With a development budget of $3.5 billion, the Taurus was Ford’s most expensive project ever. It was also a Hail Mary for the company, which was in financial trouble.
And the SHO was the fastest version of the Taurus.
If the Taurus failed, so, too would Ford. It was so important to the success of the company that Ford restructured the engineering and design teams to work together on the new family sedan.
The Taurus’s design was so revolutionary that Ford kept its previous mid-size sedan, the LTD, in production at the same time, just in the new car failed — as the other American car executives predicted it would.
Instead, Taurus was an enormous success, eventually becoming the bestselling car in America. The performance version, the Taurus SHO, used the same basic 3.0-liter Vulcan V-6, but instead of pushrods, it used four overhead cams and 24 valves. The DOHC 4-valve heads were designed, manufactured, and assembled by Yokohama in Japan.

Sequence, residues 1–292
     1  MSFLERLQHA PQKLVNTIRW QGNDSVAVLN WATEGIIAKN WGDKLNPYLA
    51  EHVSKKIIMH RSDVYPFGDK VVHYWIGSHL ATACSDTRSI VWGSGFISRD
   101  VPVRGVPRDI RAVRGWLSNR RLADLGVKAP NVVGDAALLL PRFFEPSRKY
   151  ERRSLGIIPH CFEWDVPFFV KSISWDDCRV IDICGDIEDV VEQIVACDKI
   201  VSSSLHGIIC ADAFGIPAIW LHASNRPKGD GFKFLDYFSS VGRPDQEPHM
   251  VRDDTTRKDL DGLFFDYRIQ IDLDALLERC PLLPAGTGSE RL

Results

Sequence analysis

The SHO used a Mazda-sourced 5-speed manual and was the most powerful front-wheel-drive sedan in the world. The only four doors quicker or faster in America were the BMW M5 (E34) and 750iL. It was a performance bargain.
But although Ford sold around 400,000 Tauruses per year, it didn’t come close to its target of 20,000 SHOs annually. Except for the first year with the new, optional automatic transmission and larger 3.2-liter SHOgun engine.
Why didn’t the SHO sell? Well, because it looked like a Taurus — then, the de rigueur family sedan for the person who didn’t care about performance.
So the SHO was a victim of the Taurus’ success.